One of the most recent advances in the realm of cybersecurity is the creation of disposable web browsers. Unlike a disposable session that is a feature within a frequently used browser, disposable browsers eliminate the entire browser application once the session finishes. This type of browser enhances the online privacy and security experience and could greatly benefit companies, protecting them from cyberattacks. 

Given the recent advances in the use of AI to create scripts and programs that present a threat to users and current investment strategies involving a few businesses in Southeast Asia, it is safe to infer that the implementation of disposable browsers can significantly enhance the browsing experience for millions of users in the region.

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The basics of disposable browsers

What makes this type of browser so special? Take all the protection measures a private session offers and add a few more levels. Like a private session, the web browser naturally disposes of all the browsing history, cookies, and temporary files that were active in the session. 

Secondly, it expands the concept of isolation as all the browser processes are isolated, preventing cross-site tracking and mitigating the impact of malware. This isolation means that the browser is creating what is known as a sandbox environment that isolates potential threats from the operating system. Therefore, the temporary browser makes it very difficult for third-party trackers to monitor the user’s activities, scan for crucial data and create a browsing profile that could be utilised against the user. 

Disposable browsers could be particularly useful when being used on shared devices. For example, a computer in a school, a university or a public library has multiple users logging in and providing private information during the course of a single day. This input of sensitive details brings a considerable risk as the computer maintains personal information, login details or sensitive data. 

Finally, using such a browser limits what is known as the attack surface. Browsers usually have many extensions added to them that might expose vulnerabilities via malicious code. A disposable browser’s isolation reduces or altogether eliminates these attack vectors.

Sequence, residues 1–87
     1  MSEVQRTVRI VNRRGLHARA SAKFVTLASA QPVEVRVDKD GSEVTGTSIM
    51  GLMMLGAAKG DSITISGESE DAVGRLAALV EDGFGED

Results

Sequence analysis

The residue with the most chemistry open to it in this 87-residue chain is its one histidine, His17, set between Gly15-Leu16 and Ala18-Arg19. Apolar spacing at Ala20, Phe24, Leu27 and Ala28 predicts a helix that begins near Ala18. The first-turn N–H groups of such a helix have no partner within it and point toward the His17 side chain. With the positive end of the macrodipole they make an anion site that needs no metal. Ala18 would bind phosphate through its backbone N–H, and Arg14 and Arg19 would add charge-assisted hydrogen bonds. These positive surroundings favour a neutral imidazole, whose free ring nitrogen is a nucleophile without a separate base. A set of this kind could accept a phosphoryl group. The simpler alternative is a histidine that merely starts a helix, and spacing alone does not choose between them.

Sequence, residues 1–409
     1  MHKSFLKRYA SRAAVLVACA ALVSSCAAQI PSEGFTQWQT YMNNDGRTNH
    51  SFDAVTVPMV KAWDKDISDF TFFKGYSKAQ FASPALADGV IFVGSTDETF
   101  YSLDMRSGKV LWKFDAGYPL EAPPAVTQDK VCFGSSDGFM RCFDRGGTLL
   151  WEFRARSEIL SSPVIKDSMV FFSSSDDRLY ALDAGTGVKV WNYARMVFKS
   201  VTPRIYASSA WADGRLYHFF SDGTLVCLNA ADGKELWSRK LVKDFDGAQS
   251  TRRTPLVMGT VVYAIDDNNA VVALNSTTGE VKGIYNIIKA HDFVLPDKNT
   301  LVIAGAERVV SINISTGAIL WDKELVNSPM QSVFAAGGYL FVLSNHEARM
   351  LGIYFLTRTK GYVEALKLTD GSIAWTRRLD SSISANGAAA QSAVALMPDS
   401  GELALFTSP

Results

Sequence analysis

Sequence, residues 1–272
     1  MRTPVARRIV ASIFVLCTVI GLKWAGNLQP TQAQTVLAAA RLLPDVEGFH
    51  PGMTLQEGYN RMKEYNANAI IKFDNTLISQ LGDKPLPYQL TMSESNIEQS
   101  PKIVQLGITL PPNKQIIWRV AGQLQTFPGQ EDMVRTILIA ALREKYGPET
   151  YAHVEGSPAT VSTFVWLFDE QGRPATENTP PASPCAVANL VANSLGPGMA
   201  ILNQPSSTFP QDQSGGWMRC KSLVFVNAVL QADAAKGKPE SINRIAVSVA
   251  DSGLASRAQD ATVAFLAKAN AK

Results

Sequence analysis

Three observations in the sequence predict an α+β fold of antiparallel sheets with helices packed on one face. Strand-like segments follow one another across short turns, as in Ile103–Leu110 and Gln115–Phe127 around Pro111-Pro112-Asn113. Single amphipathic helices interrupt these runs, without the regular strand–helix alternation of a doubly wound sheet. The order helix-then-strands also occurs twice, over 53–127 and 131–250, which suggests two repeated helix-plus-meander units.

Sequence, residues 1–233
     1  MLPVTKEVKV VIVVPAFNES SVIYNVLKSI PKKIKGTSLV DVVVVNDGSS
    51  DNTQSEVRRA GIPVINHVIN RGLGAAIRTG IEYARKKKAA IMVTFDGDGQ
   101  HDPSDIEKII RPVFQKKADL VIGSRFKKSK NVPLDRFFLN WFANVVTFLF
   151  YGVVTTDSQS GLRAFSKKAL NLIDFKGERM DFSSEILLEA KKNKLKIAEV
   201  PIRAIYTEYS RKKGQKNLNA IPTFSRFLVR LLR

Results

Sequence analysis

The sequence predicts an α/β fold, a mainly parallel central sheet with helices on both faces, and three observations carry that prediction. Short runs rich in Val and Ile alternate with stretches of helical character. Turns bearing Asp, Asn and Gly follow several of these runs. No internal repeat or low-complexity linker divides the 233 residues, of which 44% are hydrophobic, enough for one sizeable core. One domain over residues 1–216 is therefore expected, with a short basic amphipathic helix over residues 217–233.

However, with heightened security comes some limitations. The lack of persistence of data might not be suitable for users that require their information to always be present in their workflow. The added hassle of having to input session credentials every time and not being able to access previously visited websites might not be as efficient for some users. 

Functionality might also be limited, given the lack of extensions that the user might need being unavailable in the disposable browser. Finally, some disposable browsers like Tor aren’t as intuitive as, for example, Google Chrome, and users might have difficulty learning their way around the temporary nature of the browser itself.

Cybersecurity in Southeast Asia and the emergence of SquareX

The isolation of credentials, temporal environment, and mechanisms against malicious downloads prevalent in disposable browsers could benefit businesses by protecting them against phishing attacks. Phishing is a social engineering attack that intends to maliciously retrieve users’ information, like credit card details, login credentials, and even more sensitive data. 

Anonymised data taken from the triggering of the Kaspersky Anti-Phishing system in Southeast Asia has made the rounds in several news outlets since last year, indicating that the number of phishing attacks in the first half of 2022 totalled more than all the attacks sustained in 2021. Vietnam, Malaysia and the Philippines received the brunt of the attacks, with Vietnam falling foul to 5.5 million, Malaysia to 1.9 million, and the Philippines to 1.8 million. 

Considering this, one recent funding development could help turn the tide in the wave of cyber attacks. Founded in Singapore by cybersecurity veteran Vivek Ramachandran in March 2023, SquareX is an up-and-coming startup that provides disposable browsers to companies that use cloud-based SaaS tools. 

By running the browsers in the company’s isolated data centres, SquareX users prevent threats from reaching their computers, making it a critical line of defence against new AI-designed malicious software models. By using the startup’s service as an alternative to VPNs, anti-malware and anti-virus solutions, users can eliminate all their activity immediately from the SquareX servers once the session ends. 

SquareX recently raised USD 6 million from Sequoia Capital Southeast Asia. The early May funding will help expand the cybersecurity startup’s R&D department and solidly implement the company’s marketing strategy. SquareX is currently under a waitlist/invitation model and planning to roll out its disposable browsers to the US, UK, and Southeast Asian markets. 

With innovations such as SquareX becoming more commonplace, businesses in Southeast Asia will soon be able to fend against cyber threats within an isolated and secure environment. With increased levels of cybersecurity, startups in the region can develop their companies in a more secure and safer landscape.